Just because international hopes have been raised so high, the disappointment if Obama fails will be devastating. The shock will be even greater because of John McCain’s choice of Sarah Palin—who, like George W. Bush, reinforces every European cliché about the otherness (cowboyness, hickiness, wackiness) of Americans. This disappointment might be unfair to the likely content of a McCain foreign policy, but in international politics, as in financial markets, the perceptions are a large part of the reality. If Americans were to choose McCain-Palin, after reelecting Bush in 2004, I don’t think it’s too much to say that a lot of Europeans would feel like giving up on them. Of course European governments wouldn’t, and couldn’t afford to, give up on Washington; but they would have to operate within the constraining reality of popular disillusionment.

This would matter to the United States at the best of times. It will matter a lot more in these times. Even before the financial crisis, the list of problems piling up for the new president’s in-boxes (both the one marked Urgent and the one marked Important, to recall John F. Kennedy’s distinction) was already formidable. Even before this crisis added perhaps a trillion dollars to an already staggering national debt, the relative power of the United States to achieve its goals on its own—unilaterally—had significantly diminished over the last eight years, not least because of the renaissance of great powers such as China and Russia. Somewhere around 2000 may be marked by future historians as the zenith of American power. In such a world, the need for allies and international credibility is greater than ever.

Paul Krugman

A year ago I thought I knew what would happen in this election: it would be a referendum on conservative economic policies, leading to a big Democratic victory and a fundamental change in the country’s direction. Then, for a few agonizing months, it appeared that I might have been completely wrong. But at this point, a little over four weeks before voters go to the polls, I’m back to my original prediction.

In my last book, The Conscience of a Liberal, I argued that the conservative movement that now dominates the Republican Party has pursued policies that foster inequality and insecurity, and have made the large majority of Americans worse off. The GOP has nonetheless been able to win elections through identity politics—above all, by exploiting white racial resentment. But, I argued, identity politics were losing their effectiveness, because America has become more tolerant and, not to put too fine a point on it, less white. As a result, the era of conservative dominance was over.

The 2006 election, which abruptly ended the supposedly permanent Republican majority, seemed to confirm my thesis. That election gave Democrats a larger majority in the House than Republicans ever achieved in their twelve-year reign. Moreover, this new Democratic majority is much more solidly progressive than the pre-1994 alliance between Northern liberals and Dixiecrats. And I expected the 2008 election to continue and cement that power shift, leading in turn to a transformation in federal policies—a new New Deal.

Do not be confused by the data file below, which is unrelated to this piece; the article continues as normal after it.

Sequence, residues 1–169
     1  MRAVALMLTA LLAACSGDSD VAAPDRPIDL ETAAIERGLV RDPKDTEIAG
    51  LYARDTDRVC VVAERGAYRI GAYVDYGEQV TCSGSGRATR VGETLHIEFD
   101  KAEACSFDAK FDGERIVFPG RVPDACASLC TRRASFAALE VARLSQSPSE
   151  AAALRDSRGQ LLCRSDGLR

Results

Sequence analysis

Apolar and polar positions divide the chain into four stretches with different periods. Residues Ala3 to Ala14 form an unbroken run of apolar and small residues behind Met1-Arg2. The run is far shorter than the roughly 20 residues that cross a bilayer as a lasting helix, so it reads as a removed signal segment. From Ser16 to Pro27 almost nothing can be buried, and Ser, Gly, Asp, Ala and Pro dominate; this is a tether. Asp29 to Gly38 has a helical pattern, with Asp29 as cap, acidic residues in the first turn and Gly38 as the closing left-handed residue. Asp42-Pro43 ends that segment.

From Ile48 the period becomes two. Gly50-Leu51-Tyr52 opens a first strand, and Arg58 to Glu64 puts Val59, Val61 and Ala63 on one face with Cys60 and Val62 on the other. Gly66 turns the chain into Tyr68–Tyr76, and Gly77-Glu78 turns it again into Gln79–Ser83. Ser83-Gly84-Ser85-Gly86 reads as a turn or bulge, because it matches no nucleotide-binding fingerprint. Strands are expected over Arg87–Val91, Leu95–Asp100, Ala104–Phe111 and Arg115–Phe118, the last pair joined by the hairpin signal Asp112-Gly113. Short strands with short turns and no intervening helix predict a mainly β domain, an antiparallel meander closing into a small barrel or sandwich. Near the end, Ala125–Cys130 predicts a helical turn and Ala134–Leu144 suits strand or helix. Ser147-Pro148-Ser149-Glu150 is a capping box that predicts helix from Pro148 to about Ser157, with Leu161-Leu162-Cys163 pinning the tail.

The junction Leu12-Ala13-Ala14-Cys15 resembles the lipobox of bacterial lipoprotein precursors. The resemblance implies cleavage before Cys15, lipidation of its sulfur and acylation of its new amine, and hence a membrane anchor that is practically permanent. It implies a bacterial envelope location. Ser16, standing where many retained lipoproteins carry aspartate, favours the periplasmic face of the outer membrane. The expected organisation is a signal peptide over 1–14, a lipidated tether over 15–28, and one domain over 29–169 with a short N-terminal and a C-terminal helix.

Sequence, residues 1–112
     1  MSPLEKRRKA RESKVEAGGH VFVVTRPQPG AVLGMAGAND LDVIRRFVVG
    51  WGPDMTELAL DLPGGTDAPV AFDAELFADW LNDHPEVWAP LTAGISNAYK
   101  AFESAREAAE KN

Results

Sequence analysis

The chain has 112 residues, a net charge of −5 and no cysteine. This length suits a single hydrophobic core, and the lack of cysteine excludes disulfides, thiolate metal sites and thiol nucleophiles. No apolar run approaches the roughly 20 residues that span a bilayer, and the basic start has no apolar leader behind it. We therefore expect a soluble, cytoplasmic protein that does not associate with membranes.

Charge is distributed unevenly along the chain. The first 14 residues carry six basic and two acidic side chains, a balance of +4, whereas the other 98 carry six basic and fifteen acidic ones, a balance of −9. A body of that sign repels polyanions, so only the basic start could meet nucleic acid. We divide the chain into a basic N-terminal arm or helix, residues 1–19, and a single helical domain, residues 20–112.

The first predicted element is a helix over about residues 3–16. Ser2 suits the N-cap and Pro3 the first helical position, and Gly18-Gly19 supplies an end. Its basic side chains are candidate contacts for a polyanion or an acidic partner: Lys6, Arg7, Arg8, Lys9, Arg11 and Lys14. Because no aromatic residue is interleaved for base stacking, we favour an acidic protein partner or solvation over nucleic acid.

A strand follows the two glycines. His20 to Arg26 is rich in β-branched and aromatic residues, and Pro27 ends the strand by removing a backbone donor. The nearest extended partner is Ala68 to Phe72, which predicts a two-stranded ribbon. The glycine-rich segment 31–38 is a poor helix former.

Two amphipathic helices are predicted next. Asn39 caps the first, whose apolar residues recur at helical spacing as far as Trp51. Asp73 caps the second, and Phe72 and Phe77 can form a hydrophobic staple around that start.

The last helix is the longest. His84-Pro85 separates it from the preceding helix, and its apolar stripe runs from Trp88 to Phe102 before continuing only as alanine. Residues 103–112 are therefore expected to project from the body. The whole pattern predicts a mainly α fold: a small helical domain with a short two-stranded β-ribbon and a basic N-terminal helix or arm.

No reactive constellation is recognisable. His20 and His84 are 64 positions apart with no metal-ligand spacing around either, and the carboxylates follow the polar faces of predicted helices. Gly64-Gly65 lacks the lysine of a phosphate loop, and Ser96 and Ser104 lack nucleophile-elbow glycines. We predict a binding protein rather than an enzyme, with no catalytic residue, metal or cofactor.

For a while, however, Democrats in general, and Barack Obama in particular, seemed to have lost the plot. Instead of running against the Republican economic record, Obama spent the primary season and the first few weeks of the general election campaign portraying himself as a “post-partisan” politician, someone who transcended the traditional party divide. In his speeches, he tended to hold both parties equally culpable for the country’s woes, denouncing the failed policies of right and left equally. And when talking about economics, he seemed to go out of his way to avoid scoring political points: as late as early August, he was still talking about how incomes had risen “during the 1990s” and fallen “over the last several years,” somehow failing to mention that the good years had taken place under a Democratic president and the bad years under a Republican.

The lack of a forceful economic narrative from Obama allowed John McCain’s campaign, now run by disciples of Karl Rove, to do two things. First, they were able to blur the question of who offered “change”—because if change wasn’t defined clearly as a rejection of conservative economic policies, McCain could claim to be a change candidate too. Second, without economics front and center, there was room for a new version of the old identity politics. Never mind the policy details, was the McCain message, Obama isn’t one of us—he’s a celebrity, not like Sarah Palin the hockey mom.

And McCain’s tactics were effective. By early September it looked as if the seemingly impossible might happen: a Republican victory in a year in which everything—the short-term state of the economy, the longer-term stagnation of working Americans’ incomes, and the public’s disgust with the Bush administration—overwhelmingly favored the Democrats.

  1. 12

    Alexi Mostrous, “Sarah Palin, the Pastor and the Prophecy,” The Times (London), September 10, 2008.

  2. 13

    Max Blumenthal, “Palin’s Pastor: God Will Damn America,” The Nation online, September 5, 2008.

  3. 14

    The Rev. John Hagee…Will Speak,” Juneau Empire, June 15, 2007; Sarah Posner, “Palin’s Juneau Church to Host a Hagee ‘Night to Honor Israel,’ in March,” The American Prospect online, September 2, 2008.

  4. 15

    Nico Pitney and Sam Stein, “Palin’s Church May Have Shaped Controversial Worldview,” The Huffington Post, September 2, 2008; Suzanne Sataline, “Palin’s Faith Is Seen in Church Upbringing,” The Wall Street Journal, September 4, 2008; Manya A. Brachear, “How Religion Guides Palin,” Chicago Tribune, September 6, 2008.